Murujuga Aboriginal Corporation (MAC) is assisting with the Pilbara Rock Oyster Research and Development Project being conducted by the Pilbara Development Commission (PDC) and the Fisheries Research Development Corporation on behalf of the Australian Government, City of Karratha and Maxima Pearling Company.
MAC and Maxima Pearling were granted $30,000 through the Premier’s Agriculture and Aquaculture Entrepreneurship Program to tour rock oyster farms in South Australia. This grant enabled MAC and Maxima Pearling to gain valuable insights into the production of edible oysters in the Pilbara. It is hoped that the current studies into edible oyster production will assist efforts to establish an edible oyster industry in the vicinity of Murujuga.
Aquaculture is the world’s fastest growing food production sector. If successful, the project could provide employment and training opportunities for Traditional Custodians as well as enhance tourism opportunities. A pilot project to grow rock oysters in Flying Foam Passage is being undertaken by Maxima Pearling and the PDC, in collaboration with MAC. The aim of the trial is to test a range of equipment and locations as well as to assess growth rates in order to determine the best set up for a commercial operation in the Pilbara.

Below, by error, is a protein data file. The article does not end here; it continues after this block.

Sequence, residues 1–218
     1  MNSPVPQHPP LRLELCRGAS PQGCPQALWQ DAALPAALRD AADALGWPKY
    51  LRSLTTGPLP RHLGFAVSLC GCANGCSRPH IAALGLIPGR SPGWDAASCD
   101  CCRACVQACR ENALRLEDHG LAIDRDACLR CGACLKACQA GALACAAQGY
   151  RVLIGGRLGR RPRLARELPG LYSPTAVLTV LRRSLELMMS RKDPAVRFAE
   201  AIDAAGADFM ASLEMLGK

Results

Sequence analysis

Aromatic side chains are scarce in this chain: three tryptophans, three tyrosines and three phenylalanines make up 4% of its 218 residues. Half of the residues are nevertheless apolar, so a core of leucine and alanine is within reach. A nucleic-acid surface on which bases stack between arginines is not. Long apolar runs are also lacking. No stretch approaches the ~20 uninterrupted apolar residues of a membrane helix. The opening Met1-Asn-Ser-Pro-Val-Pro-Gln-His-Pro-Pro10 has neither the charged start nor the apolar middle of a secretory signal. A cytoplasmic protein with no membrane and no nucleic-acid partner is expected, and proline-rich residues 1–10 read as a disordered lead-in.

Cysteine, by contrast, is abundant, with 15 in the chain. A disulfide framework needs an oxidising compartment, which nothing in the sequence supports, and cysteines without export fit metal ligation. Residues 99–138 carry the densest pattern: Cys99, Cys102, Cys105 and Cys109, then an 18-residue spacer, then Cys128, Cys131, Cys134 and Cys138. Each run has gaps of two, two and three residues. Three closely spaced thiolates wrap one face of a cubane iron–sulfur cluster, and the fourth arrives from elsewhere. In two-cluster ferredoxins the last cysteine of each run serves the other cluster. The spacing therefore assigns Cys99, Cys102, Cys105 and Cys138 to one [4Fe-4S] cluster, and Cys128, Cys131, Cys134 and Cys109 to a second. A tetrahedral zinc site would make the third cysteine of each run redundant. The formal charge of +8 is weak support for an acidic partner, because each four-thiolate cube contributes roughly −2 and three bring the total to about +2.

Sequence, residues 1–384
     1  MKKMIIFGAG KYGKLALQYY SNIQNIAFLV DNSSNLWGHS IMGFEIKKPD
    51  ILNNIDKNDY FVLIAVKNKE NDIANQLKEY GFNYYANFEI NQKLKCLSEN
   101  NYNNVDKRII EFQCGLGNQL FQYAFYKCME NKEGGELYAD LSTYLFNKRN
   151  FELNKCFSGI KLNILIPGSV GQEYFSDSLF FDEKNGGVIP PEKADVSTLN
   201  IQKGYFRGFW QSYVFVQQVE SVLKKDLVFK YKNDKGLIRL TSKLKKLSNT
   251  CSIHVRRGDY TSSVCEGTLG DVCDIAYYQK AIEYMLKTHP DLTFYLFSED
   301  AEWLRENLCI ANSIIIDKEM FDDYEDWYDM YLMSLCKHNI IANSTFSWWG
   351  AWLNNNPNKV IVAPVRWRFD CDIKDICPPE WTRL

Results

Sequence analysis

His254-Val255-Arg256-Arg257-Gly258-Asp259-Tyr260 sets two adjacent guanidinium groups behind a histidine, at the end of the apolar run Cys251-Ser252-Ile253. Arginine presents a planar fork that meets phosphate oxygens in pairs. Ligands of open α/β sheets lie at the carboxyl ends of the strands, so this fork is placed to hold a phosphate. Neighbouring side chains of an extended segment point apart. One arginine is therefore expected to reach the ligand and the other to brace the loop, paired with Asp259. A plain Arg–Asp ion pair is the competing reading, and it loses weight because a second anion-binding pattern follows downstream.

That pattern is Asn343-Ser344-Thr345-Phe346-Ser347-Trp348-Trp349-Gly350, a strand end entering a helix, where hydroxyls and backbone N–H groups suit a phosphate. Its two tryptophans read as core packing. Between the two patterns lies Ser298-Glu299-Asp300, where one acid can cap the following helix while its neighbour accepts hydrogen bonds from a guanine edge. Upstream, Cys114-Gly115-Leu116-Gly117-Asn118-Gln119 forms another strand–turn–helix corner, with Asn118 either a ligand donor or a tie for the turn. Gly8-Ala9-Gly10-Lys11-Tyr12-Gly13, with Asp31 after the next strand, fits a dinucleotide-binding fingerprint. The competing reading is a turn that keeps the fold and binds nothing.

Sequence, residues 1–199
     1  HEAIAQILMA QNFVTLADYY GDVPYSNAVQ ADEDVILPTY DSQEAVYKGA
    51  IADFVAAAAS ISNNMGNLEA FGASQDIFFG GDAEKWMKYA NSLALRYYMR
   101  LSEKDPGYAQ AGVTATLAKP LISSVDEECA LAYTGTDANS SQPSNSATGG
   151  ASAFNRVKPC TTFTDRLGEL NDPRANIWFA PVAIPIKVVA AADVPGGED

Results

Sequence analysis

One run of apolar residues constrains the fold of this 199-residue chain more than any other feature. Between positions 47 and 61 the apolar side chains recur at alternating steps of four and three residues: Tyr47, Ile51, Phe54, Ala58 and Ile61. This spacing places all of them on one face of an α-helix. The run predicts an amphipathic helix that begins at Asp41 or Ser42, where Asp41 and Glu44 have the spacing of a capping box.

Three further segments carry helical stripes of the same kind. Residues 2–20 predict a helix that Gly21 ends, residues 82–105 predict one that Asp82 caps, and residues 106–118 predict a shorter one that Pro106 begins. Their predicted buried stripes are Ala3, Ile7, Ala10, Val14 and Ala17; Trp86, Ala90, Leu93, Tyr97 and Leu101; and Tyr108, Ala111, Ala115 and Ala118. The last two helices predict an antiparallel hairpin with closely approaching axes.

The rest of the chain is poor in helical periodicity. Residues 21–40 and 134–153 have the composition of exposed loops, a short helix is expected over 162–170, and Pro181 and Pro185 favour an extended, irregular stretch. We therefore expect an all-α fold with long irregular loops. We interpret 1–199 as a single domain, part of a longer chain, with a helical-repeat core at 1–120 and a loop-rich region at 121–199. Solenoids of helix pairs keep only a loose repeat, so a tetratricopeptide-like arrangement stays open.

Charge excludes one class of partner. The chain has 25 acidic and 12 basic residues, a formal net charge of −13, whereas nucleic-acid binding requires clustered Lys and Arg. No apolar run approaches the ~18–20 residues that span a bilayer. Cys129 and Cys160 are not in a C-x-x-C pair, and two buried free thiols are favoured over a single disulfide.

In March 2018, intertidal lines were installed at the trial sites in Flying Foam Passage. A crop of 3,000 wild juvenile oysters were collected and placed in grow out baskets at the trial sites. Sub-tidal lines were installed a month later.
In June 2018, the trial was boosted by the arrival of more than 120,000 juvenile oysters, from WA’s shellfish hatchery in Albany, to their new home on the Dampier coast. It is hope that these juvenile oysters will grow to market size during the course of the project. The baby rock oysters (referred to as ‘spat’) typically take 12 to 18 months to grow to market size.
Murujuga Rangers were trained in the correct and safe placement of juvenile oysters in the grow out baskets. They were also schooled in the fitting of monitoring equipment following a mock deployment exercise held by WA mussel producer Blue Lagoon Mussels in conjunction with Research Officers from the Department of Primary Industries and Regional Development in advance of the crop’s arrival. The rangers worked with Maxima Pearling to deploy the oysters to the trial site. They have an important and ongoing role in checking the lines and monitoring the progress of the ‘spat’.
For the latest information visit the Northern Australian Tropical Rock Oyster Research and Development CRCNA project page.
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